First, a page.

Now that you’ve collected the supporting data, that will go into your compensation memo and you’ve analyzed it through a lens of opportunity, drafting or populating the memo should be much easier.
Here are some tips to keep in mind for the drafting phase:
A compensation memo is an exercise in making sure you get credit for all of your billable and non-billable activities in the past year. It should visually paint a picture of you as highly strategic about how you approach business development, how well you execute on that approach and the additional efforts you make to develop the firm’s talent and culture. To paint that picture, you need to be very clear on what you did, how you did it and what the impact was. Possibly the biggest weakness we see in draft partner compensation memos is a series of underwhelming descriptions that seem to just be populating fields for the sake of completing the exercise. This is your chance to build your case for your compensation so don’t skimp on the facts. The emphasis here is on impact so when drafting descriptions think expansion (how can I say more) versus restriction (simply ticking off a box). It’s also an opportunity to give credit to others who have helped you along the way. Business development karma can be a powerful tool in your arsenal so don’t forget to speckle it throughout your memo.
Names, numbers and outcomes:
Because the emphasis is on impact, make sure to include specific names of clients, contacts and other partners who were part of your strategic business development efforts. Include specific numeric dollar amounts where possible – particularly in the case of an increase in business. In addition to any increases, what were some other outcomes of your efforts? Did you help a client save a significant amount of money? That may not show up in your numbers per se but you could link it to a possible increase in future business from that client. Names, numbers and outcomes is also important on the non-billable side, particularly if you are involved in a number of firm initiatives. It’s always good to be able to show you are involved but this memo is your chance to show the firm exactly how your role added value. Were you on the recruiting committee and successfully helped attract one of the firm’s top candidates? Did the women’s committee event you chaired lead to any new business contacts or opportunities for the firm?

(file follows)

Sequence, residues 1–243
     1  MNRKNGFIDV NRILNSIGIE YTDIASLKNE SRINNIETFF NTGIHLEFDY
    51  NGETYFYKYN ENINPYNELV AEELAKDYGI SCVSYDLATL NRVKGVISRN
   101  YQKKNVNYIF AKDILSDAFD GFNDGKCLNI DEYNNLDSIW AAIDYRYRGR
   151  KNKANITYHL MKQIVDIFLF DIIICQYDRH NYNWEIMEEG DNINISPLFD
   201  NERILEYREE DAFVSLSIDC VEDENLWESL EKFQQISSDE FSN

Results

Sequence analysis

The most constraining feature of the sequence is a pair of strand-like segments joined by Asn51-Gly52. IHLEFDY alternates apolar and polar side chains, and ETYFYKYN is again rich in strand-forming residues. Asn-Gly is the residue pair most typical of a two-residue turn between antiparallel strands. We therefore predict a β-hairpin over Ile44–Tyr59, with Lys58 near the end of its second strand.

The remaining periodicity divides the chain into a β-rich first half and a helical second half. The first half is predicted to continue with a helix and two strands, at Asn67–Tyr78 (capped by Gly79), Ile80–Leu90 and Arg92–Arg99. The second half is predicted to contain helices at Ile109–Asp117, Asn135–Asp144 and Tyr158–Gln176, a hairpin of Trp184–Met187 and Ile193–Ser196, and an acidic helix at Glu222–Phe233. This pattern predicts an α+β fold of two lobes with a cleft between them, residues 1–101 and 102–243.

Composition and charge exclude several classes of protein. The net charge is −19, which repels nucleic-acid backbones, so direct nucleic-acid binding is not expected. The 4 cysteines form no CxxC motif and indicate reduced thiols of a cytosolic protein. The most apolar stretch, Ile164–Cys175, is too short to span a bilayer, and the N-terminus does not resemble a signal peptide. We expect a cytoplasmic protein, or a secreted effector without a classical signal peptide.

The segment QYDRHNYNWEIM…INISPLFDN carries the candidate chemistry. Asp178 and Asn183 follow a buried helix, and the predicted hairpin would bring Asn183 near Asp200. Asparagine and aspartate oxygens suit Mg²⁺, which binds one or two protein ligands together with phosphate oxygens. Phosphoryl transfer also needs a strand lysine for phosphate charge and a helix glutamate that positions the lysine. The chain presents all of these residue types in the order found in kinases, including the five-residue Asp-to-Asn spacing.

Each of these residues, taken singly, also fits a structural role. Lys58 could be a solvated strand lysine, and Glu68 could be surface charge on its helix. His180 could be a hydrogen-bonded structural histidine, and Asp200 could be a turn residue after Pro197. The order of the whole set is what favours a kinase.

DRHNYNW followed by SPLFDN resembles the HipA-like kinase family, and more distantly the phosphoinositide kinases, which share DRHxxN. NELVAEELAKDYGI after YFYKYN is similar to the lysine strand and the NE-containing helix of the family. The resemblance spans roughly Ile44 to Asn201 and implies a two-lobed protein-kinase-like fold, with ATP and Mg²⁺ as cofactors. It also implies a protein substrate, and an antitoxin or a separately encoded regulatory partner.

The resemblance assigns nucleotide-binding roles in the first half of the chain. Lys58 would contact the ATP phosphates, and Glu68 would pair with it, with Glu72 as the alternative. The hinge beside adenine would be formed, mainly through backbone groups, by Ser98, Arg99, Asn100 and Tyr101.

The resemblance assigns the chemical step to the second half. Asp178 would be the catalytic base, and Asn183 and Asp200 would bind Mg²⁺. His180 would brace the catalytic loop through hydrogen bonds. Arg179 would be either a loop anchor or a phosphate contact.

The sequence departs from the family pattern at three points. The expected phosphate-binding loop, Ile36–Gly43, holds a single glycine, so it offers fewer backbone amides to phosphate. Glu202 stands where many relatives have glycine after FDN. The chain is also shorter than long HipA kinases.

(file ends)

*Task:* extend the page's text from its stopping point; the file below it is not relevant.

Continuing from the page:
Pick a stretch client and contact:
It’s tempting to want to play it safe in a compensation memo by sticking to clients and contacts that are known and perceived to be in your or the firm’s arena. That said, stretching yourself beyond your comfort zone can show real business development initiative (and get you even more credit). As long as you can highlight a strategy for outreach to your stretch client there really isn’t a downside. In truth, there is only so much you can control in business development--the effort you put in on your side. You can’t control whether or not someone ultimately takes your call or gives you a piece of business. And, you’ll never know if you don’t try. It may be that you can’t make it happen at the end of the day, in which case you can go back to the drawing board and tweak your strategy the next year but you’ll come across as someone who’s willing to up their game.
Don’t stop conversations with yourself prematurely:
To the point of picking a stretch client, don’t talk yourself out of things that may seem risky. If you hear yourself saying something like “I could never get a meeting with X” or “I doubt Y would ever take my call”, don’t let yourself off the hook that easily before asking a different series of questions. “How could I get a meeting with X?” “What would I need to help make that happen?” “Who could I partner with to take the first step and see what happens?”
Before you deem your first draft to be complete, and to make sure you’ve incorporated the points above to ensure a compelling memo, ask yourself these two important questions: (1) “What is missing?" and (2) “Where have I downplayed my efforts?”